ANALYSIS: BAA steps up aviation revival drive - News that BAA is to reinstate its top comms position after an 18-month hiatus flags up the many challenges facing the recovering aviation sector, says Andy Allen

If the British Airports Authority had decided to go about filling its resurrected PR and corporate affairs director post six months ago, it is reasonable to assume applicants would have taken a deep breath before applying.

11 September and foot-and-mouth disease had decimated Britain's tourist industry. British Airways cut 7,000 jobs (ten per cent of the workforce) while Virgin Atlantic, which had never made staff redundant, shed 1,200 in response to slumping demand.

Now, the picture is brighter. Passenger figures for March were 3.4 per cent higher than a year earlier. In the second consecutive increase, Stansted, Edinburgh and Glasgow did particularly well. Heathrow rose slightly while Gatwick fell. BAA this week announced £8bn of investment to accomodate the expected surge in numbers over the next decade.

No longer are aviation PROs hamstrung, as in the aftermath of 11 September, by considerations of discretion. Ad and PR campaigns shelved in the interests of taste are now being safely carried out. The Government go-ahead for Heathrow's Terminal 5 last November was another boost.

Also it looks as if the current Civil Aviation Authority review of airport fees will allow BAA to increase its charges by as much as 30 per cent - still below main European fees, which can be up to double those in the UK.

There remain, however, storm clouds on the horizon for Britain's largest airport operator, and its new corporate and PA director - currently being recruited (PRWeek, 19 April). The post has lain vacant since CSR guru and former Liberal Democrats comms chief Des Wilson held the brief up until early last year.

According to Philip Butterworth-Hayes, Jane's Airport Review founding editor, the biggest threat to the reputation of British hubs lurks offshore in the shape of Frankfurt, Amsterdam Schipol and, most seriously, Paris's Charles de Gaulle airport.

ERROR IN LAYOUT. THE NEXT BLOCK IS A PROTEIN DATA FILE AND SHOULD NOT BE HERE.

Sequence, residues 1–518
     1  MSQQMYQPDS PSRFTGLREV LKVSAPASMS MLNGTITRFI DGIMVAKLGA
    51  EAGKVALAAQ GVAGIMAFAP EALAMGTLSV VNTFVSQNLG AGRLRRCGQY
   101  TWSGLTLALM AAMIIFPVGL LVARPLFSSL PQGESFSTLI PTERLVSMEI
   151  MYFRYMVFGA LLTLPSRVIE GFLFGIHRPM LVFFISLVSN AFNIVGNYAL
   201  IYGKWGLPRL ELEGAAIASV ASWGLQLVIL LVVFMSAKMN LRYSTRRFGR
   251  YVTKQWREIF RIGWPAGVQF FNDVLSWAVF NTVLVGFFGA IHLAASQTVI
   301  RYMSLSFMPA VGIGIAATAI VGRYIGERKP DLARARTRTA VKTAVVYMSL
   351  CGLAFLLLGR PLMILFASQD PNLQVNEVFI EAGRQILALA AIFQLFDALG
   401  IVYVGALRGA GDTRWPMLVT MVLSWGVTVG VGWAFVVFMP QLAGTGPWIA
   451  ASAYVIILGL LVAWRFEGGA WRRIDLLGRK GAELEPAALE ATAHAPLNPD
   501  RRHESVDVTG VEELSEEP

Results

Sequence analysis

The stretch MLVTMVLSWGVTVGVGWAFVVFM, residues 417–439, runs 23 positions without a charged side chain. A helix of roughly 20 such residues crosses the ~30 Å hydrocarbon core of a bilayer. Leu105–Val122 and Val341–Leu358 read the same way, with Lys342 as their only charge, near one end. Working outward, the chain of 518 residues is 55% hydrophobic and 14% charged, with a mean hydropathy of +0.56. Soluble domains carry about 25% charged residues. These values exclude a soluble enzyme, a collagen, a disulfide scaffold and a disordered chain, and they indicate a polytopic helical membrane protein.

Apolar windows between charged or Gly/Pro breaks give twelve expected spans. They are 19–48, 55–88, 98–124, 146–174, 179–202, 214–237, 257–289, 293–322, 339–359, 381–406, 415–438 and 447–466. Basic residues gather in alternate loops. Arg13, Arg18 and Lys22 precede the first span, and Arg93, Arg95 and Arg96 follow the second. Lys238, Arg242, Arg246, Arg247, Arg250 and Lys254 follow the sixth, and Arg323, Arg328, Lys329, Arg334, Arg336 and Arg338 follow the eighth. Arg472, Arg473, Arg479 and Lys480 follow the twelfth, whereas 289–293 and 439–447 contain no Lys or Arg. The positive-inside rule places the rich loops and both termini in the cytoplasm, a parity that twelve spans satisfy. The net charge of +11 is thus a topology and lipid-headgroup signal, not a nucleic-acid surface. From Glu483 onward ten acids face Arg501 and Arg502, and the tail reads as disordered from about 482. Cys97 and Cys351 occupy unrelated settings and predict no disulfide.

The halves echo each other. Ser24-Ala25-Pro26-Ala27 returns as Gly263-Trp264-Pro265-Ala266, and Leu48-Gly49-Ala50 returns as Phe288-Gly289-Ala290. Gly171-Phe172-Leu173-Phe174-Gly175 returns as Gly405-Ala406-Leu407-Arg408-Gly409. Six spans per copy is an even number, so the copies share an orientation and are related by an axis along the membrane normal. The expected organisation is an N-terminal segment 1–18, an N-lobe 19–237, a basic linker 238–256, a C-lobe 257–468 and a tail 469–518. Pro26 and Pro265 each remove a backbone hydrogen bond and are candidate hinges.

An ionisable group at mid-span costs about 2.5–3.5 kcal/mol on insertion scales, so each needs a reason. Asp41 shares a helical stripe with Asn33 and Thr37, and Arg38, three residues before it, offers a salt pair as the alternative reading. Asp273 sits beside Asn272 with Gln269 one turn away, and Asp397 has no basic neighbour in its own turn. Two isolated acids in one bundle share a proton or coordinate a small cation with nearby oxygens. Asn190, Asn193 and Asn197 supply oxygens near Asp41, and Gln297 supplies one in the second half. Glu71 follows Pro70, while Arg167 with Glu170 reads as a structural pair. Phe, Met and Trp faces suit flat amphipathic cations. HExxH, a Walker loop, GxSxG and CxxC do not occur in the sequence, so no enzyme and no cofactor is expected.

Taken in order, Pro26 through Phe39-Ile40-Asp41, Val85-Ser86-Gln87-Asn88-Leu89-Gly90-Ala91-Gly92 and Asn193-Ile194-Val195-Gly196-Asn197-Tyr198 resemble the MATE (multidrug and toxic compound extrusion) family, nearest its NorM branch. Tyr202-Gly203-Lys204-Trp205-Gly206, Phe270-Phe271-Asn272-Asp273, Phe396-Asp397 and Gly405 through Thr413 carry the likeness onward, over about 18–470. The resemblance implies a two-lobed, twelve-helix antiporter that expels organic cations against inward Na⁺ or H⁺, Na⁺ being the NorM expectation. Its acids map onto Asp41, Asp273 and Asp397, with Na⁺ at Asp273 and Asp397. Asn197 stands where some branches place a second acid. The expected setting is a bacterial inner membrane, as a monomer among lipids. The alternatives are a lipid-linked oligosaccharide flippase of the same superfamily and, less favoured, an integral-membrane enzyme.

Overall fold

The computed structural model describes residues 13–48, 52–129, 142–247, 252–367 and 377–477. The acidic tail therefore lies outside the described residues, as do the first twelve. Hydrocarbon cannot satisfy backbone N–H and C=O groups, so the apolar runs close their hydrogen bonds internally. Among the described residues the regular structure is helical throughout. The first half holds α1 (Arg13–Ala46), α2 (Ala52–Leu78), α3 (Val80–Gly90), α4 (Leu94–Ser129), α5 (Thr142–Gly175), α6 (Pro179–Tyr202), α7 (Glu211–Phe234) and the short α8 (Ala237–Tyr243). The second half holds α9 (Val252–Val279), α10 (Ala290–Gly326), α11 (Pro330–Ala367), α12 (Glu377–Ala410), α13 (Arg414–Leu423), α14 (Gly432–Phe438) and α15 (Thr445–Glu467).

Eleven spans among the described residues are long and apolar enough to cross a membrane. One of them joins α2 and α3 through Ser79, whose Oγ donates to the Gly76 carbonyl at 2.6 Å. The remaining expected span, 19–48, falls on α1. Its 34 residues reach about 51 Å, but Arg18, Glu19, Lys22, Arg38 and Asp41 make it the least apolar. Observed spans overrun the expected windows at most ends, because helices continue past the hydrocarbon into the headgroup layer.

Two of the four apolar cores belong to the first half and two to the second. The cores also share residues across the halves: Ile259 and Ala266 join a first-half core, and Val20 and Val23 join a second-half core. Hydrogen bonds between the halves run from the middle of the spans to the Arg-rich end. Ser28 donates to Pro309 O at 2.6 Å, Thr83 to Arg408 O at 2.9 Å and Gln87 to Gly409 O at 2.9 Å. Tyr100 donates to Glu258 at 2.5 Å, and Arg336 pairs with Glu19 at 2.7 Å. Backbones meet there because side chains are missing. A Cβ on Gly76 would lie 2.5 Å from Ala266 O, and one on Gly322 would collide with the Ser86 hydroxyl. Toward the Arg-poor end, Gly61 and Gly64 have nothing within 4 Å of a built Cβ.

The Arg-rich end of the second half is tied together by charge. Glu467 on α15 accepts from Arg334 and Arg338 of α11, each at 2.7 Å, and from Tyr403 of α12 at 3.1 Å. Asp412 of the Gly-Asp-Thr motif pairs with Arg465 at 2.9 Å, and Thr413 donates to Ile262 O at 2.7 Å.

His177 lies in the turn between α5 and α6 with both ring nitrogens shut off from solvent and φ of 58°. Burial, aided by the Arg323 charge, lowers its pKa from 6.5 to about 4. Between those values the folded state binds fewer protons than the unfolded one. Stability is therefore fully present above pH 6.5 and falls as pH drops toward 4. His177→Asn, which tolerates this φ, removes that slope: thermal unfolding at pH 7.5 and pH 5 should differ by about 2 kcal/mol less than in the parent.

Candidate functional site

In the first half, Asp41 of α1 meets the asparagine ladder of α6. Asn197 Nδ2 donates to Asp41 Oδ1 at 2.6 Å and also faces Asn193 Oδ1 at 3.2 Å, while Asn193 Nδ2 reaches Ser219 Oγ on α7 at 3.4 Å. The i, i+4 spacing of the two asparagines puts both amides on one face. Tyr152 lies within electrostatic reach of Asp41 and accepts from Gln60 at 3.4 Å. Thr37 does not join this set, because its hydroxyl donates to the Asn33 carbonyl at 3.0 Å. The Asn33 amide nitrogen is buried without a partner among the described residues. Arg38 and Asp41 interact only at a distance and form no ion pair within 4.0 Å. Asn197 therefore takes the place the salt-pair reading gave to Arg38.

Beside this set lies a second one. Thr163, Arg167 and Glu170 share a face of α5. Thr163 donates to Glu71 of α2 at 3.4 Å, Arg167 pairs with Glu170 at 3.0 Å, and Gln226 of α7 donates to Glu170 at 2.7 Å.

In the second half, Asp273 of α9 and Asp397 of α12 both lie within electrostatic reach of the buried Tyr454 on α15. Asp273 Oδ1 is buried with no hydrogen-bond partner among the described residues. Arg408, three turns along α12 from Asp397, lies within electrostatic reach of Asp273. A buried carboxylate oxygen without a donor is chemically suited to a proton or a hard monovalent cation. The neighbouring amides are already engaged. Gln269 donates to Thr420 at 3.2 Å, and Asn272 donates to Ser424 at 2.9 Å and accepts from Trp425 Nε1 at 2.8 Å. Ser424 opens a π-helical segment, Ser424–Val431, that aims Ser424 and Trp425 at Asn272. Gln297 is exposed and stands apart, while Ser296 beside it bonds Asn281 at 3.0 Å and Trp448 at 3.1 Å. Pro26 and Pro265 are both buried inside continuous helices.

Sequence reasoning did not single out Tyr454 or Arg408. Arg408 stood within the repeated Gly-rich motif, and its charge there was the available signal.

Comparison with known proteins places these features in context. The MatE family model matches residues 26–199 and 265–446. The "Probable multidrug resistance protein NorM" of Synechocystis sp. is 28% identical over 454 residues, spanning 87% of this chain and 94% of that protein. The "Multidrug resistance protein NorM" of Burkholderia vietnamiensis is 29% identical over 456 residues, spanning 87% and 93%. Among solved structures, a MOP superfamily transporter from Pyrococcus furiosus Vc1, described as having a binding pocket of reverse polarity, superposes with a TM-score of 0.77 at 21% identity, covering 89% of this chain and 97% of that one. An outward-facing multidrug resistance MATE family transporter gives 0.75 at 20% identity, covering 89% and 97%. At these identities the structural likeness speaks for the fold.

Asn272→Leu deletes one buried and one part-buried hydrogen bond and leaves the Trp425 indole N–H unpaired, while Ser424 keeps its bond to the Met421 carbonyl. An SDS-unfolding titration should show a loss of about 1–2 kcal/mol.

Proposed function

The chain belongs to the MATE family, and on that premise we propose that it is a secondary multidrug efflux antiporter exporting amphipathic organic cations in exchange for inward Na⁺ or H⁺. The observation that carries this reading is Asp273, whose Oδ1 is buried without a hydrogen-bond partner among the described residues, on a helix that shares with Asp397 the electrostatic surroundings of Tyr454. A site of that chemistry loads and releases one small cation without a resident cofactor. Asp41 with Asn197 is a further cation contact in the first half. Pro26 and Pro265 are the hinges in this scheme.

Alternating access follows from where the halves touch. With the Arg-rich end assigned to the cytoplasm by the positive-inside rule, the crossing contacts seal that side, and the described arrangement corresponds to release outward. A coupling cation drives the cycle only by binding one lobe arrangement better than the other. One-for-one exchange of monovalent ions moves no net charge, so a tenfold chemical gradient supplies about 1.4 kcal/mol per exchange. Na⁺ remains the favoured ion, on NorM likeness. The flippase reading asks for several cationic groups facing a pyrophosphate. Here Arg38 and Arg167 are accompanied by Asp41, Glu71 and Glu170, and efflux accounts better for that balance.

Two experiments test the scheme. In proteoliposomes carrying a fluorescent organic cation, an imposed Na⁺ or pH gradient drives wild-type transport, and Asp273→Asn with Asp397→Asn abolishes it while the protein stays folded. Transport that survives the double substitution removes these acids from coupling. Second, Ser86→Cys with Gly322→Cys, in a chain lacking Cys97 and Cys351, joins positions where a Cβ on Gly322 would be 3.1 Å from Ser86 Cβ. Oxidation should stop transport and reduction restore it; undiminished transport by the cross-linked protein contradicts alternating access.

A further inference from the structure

The main PR challenge facing BAA, he claims, is to entice passengers back to their airports as quickly as possible. Heathrow is particularly important as it acts as a hub for incoming longhaul flights to link up with European destinations. It is now by far Europe's biggest airport, but others are gaining ground.

And while the Government's Terminal 5 decision came as a blessing, Butterworth-Hayes says that what the airport really needs is more runways. BAA had to lobby and campaign hard for 15 years to secure permission for a new terminal on waste ground between two existing runways.

BAA head of media relations Caroline Corfield describes this lag as, in PR terms 'challenging,' and agrees that BAA regards the large foreign competitors as its fiercest rivals (though she insists that promoting efforts towards sustainability is the biggest PR challenge facing BAA).

Corfield is anxious to focus on inevitable local campaigns that will be brought to bear on any plans for airport expansions. BAA maintains community affairs staff at all of its airports, but it is small wonder that with so much hanging on government approval, a BAA source told PR Week that 'political connections' would be a requirement for the reinstated role.

Nor is it surprising, given how passenger numbers are expected to double in the next 20 years, that CEO Mike Hodgkinson describes his task as giving passengers the 'best experience, under the circumstances'.

These circumstances will become more trying with time for other reasons, too. Butterworth-Hayes believes the only way the major airlines can respond to falling margins is to set up low-cost variants - as bmi british midland has just done with bmibaby.

The message being put out by BAA is that so far the low-cost phenomenon has been 'a big plus' for the company - with Stansted, Edinburgh and Glasgow, and more recently, Gatwick, all benefiting from the presence of low-cost carriers. But that is precarious.

Even major airlines are nervous about fee increases, which will hit low-cost airlines comparatively hard. In March, BA and Virgin Atlantic made clear to journalists their fury at the proposed increase in charges - closely linked to a decision by the CAA not to force BAA to subsidise landing charges with retail profits. In the year to March 2001, net UK airport retail income was £470m. The airlines branded the CAA's plans 'absurd' and claimed they would inevitably lead to higher fares. easyJet, long known for aggressive PR aimed at bigger carriers, agrees.

The airline uses all three Scottish BAA airports but in England operates at Luton and Liverpool - non-BAA airports. PRO Samantha Day says its team is campaigning on the claim that such a price hike would be 'disastrous' and would force easyJet to reconsider its use of BAA sites: 'We're low-cost - there's only so much that can be passed on to the passenger,' she says.

A further PR battle looming for BAA is outlined by Butterworth-Hayes, who says the new comms chief will have to tackle BAA's growing reputation for 'airports that are more interested in filling shopping malls than processing passengers efficiently'

Corfield denies this is the case and says that since the EU abolished duty free sales the issue has not arisen in media coverage.

Given the PR muscle available to the airlines, which will be stung by BAA not using retail profits to subsidise airport fees, journalists may well find their attention drawn increasingly to these profits.

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